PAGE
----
Then, I discovered the Stuart McGuire catalogue. I even sold Stuart McGuire shoes for a while. Some of our neighbors were regular customers, and to this day, my family never knew. Now they do. Their shoes only went up to size thirteen, but I managed to squeeze into a few pairs. Unfortunately, fifteen years ago, I had to have foot surgery to repair the damage from wearing shoes that were too small. And you thought that only happened to women. Surprisingly, I could always find stilettos in my size.
Thank God, Al Gore invented the internet. Now I can shop for shoes in my size! And shop I do. But don’t get too excited, America. My choices are still limited and are never trendy, but when I do find something, I buy every color available in my size. That is why there are at least thirty unopened shoeboxes in my house. Imelda Marcos would be so proud. Since I am known for having clean shoes that show no signs of wear, by this time next year, there will still be at least twenty-eight unopened shoeboxes.
Footwear aside, fashion always eluded me. I never got trends. Until I started watching Fashion Police, I never knew what a bodice or peplum was. I am still not sure. While finding shoes was a problem, finding clothes was worse. No one understood that with height comes a long rise.
Get your mind out of the gutter. That is the distance from your crotch to your waist.
Add to that an enormous tuchus. My ass was and is so big, I could moon Boston. When I was younger, my family would call me fat ass. Lovely people, the Sterns. I was the only member of my family with a tuchus, except for Nana, whom I look like in drag. What was once a hindrance will in my future be an asset. When all of us are walking around the lake at Rainbow Acres, your pants will be falling down, while mine will have a nice shelf on which to be hitched. Hell, you can put a tray on my ass and serve drinks, which was always convenient when I worked as a waiter.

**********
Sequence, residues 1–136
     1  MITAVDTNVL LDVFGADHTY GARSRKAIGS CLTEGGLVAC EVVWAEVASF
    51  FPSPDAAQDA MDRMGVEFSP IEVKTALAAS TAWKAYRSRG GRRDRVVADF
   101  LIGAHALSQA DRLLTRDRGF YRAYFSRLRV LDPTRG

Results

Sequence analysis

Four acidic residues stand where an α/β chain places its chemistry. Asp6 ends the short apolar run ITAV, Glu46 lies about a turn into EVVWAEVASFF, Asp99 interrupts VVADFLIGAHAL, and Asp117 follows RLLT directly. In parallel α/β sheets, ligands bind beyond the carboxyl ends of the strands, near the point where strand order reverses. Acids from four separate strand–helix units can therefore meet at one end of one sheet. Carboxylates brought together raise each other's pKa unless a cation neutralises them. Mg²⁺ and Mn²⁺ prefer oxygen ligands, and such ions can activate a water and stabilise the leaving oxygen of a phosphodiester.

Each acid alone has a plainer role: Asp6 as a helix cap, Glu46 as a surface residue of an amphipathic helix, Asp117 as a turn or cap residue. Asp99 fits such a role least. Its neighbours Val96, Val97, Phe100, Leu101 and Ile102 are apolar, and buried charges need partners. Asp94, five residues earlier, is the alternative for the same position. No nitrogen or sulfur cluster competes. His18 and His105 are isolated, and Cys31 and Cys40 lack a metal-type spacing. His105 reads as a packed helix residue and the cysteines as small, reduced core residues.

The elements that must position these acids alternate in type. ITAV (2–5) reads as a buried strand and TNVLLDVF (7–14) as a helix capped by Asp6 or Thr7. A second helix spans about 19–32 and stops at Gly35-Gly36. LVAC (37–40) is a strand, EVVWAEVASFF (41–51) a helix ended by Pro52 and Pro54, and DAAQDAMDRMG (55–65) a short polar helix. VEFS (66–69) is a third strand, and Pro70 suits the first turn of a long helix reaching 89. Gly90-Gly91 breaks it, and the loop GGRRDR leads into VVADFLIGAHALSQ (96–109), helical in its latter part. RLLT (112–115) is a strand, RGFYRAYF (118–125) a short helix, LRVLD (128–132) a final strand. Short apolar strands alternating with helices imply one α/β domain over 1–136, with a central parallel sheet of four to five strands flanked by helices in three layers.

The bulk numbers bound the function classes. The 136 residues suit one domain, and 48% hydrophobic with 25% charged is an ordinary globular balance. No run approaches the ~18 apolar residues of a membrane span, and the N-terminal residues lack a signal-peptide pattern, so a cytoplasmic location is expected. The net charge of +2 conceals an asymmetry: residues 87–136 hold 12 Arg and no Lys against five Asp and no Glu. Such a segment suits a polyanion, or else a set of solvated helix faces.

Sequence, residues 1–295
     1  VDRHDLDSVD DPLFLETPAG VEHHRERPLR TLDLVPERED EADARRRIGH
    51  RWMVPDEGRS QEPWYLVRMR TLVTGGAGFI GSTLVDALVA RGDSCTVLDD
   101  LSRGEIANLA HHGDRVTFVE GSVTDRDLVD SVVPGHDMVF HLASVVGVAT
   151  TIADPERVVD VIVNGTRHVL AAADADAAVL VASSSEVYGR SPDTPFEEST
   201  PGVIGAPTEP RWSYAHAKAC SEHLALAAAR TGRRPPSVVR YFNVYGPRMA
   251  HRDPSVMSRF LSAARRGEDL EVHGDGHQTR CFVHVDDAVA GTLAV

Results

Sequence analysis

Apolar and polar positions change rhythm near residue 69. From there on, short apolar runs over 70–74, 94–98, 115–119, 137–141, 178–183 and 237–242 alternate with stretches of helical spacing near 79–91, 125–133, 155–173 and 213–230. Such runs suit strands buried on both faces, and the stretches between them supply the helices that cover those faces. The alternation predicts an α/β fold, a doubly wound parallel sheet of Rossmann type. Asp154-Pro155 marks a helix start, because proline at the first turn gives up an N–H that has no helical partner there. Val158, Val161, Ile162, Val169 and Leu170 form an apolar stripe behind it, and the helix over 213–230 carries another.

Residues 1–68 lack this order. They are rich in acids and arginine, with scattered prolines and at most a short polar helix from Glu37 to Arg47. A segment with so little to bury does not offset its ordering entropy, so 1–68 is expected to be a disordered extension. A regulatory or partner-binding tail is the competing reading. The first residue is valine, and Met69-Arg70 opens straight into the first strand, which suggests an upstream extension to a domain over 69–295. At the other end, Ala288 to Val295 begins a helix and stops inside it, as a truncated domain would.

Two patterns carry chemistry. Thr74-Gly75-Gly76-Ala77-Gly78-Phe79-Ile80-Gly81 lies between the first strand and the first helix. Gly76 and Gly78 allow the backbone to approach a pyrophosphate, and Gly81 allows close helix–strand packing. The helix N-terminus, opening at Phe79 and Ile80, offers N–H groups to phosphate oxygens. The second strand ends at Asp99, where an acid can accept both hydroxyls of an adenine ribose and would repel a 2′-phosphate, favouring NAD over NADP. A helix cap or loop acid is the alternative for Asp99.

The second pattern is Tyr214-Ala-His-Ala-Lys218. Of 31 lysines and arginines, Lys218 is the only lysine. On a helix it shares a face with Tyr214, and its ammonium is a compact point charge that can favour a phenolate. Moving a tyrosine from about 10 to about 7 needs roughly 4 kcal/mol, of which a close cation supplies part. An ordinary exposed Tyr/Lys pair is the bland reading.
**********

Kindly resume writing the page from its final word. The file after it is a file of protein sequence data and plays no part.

In the era of high waisted pants, I was wearing unintentional hip-huggers. I once bought parachute pants, and I looked like Laura Petrie. Then baggy jeans came into vogue, and I looked as if I were wearing slim fits. Now jeans cinch at the hips, but on me that is the knees.
Underwear is always a problem. Briefs end up being thongs. You cannot imagine what I have lost in the crack of my ass over the years. Some people find change under the cushions of their couch … I jingle when I walk.
Someone asked me why I roll up my shirt sleeves. Then I rolled them down. All my shirts are three-quarter length. I call them blouses.
What some don’t get is that to get enough length in a polo shirt, I have to buy a bigger size, so I often look as if I am wearing the latest fashions from Georgia Tent and Awning (another Trivial Pursuit answer**). I could buy tall, but the manufacturers of tall clothes, really only understand big. For tall shirts, what they make are dresses with short sleeves – shirt dresses in the high fashion world.
Fat people have it easy. Whenever I go to a big and tall store, I find the nicest things in the big sizes, and in the tall section? Pin-striped suits and wing tips. I once bought an athletic-fit dress shirt in a big and tall shop. Now, are you sitting? I wear an 18.5-inch neck, 38-inch sleeve dress shirt. The waist on this dress shirt was 50 inches! This was athletic fit! What kind of athletes? Sumo wrestlers?